Too Much Too Young: The 2 Tone Records Story Rude Boys, Racism and the Soundtrack of a Generation
white rabbit / orion
For such a massive and influential label and genre, it’s astonishing that it’s taken this long to get a brilliantly encyclopaedic and comprehensive history.
Wide-reaching, humorous and unafraid to right a few misconceptions, this book perfectly captures a unique moment in British music.
“The story is one that shines a light on the challenges of mixing pop with politics. This feels like the definitive story of 2 Tone.” - Billy Bragg
the definitive account of the history of the legendary 2Tone Records, Including over 80 interviews with key genre figures. In 1979, 2 Tone exploded into the national conscience as records by The Specials, The Selecter, Madness, The Beat, and The Bodysnatchers burst onto the charts and a youth movement was born.
2 Tone was black and white: a multi-racial force of British and C aribbean island musicians singing about social issues, racism, class and gender struggles. It spoke of injustices in society and took fight against right wing extremism.
The music of 2 Tone was exuberant: white youth learning to dance to the infectious rhythm of ska and reggae; and crossed with a punk attitude to create an original hybrid. The idea of 2 Tone was born in C oventry, masterminded by a middle-class art student raised in the church. Jerry Dammers had a vision of an English Motown. Borrowing £700, the label's first record featured 'Gangsters' by The Specials' backed by an instrumental track by the, as yet, unformed, Selecter. Within two months the single was at number six in the national charts. Dammers signed Madness, The Beat and The Bodysnatchers as a glut of successive hits propelled 2 Tone onto Top of the Pops and into the hearts and minds of a generation. However, soon infighting amongst the bands and the pressures of running a label caused 2 Tone to bow to an inevitable weight of expectation and recrimination.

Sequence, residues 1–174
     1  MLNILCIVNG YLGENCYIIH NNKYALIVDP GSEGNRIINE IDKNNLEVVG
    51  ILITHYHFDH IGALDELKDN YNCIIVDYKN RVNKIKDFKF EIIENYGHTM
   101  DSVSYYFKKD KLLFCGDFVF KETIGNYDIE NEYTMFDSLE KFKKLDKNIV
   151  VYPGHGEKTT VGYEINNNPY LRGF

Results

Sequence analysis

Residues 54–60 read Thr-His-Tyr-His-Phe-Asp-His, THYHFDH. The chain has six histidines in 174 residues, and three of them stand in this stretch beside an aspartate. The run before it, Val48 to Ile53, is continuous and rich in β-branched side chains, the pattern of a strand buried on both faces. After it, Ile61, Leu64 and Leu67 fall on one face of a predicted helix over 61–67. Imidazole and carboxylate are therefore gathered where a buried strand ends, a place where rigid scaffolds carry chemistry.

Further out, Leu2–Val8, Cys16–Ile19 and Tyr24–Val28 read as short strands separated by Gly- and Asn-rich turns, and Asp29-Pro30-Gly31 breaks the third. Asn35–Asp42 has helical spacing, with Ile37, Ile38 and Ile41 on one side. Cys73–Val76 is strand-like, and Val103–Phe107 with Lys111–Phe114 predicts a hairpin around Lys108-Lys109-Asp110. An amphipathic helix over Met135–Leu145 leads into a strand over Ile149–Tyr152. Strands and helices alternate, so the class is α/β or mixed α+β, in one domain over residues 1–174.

Still under the auspices of Jerry Dammers, 2 Tone entered in a new phase. Perhaps not as commercially successful as its 1979-1981 incarnation the label nevertheless continued to thrive for a further four years releasing a string of fresh signings and a stunning endpiece finale in '(Free) Nelson Mandela'.
Told in three parts, Too Much Too Young is the definitive story of a label that for a brief, bright burning moment, shaped British culture.